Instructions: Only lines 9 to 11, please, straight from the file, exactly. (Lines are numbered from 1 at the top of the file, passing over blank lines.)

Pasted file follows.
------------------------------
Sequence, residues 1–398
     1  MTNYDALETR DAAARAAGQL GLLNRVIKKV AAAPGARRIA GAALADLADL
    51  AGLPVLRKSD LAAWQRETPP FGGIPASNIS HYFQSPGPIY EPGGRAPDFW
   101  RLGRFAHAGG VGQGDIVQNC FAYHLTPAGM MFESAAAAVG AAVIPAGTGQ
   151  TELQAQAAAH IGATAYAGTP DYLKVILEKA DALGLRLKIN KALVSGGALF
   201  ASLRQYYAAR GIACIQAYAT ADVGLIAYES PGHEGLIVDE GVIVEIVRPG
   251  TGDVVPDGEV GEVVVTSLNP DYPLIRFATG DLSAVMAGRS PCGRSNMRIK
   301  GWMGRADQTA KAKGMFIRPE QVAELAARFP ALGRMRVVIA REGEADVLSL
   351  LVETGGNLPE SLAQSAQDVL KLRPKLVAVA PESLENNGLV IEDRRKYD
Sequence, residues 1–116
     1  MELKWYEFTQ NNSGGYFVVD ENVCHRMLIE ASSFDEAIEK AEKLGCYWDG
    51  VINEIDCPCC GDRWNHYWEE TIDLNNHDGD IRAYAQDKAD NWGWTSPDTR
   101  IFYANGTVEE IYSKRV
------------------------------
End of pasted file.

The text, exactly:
   351  LVETGGNLPE SLAQSAQDVL KLRPKLVAVA PESLENNGLV IEDRRKYD
Sequence, residues 1–116
     1  MELKWYEFTQ NNSGGYFVVD ENVCHRMLIE ASSFDEAIEK AEKLGCYWDG